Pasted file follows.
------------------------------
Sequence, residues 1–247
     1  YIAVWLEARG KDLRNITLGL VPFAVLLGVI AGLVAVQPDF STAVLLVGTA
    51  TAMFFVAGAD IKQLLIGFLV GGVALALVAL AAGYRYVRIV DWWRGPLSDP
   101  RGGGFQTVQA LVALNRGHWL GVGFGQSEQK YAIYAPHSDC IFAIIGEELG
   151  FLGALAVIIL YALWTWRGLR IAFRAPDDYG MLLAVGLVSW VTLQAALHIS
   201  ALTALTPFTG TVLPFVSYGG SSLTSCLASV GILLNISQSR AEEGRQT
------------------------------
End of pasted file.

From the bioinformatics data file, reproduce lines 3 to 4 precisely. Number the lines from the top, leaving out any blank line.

    51  TAMFFVAGAD IKQLLIGFLV GGVALALVAL AAGYRYVRIV DWWRGPLSDP
   101  RGGGFQTVQA LVALNRGHWL GVGFGQSEQK YAIYAPHSDC IFAIIGEELG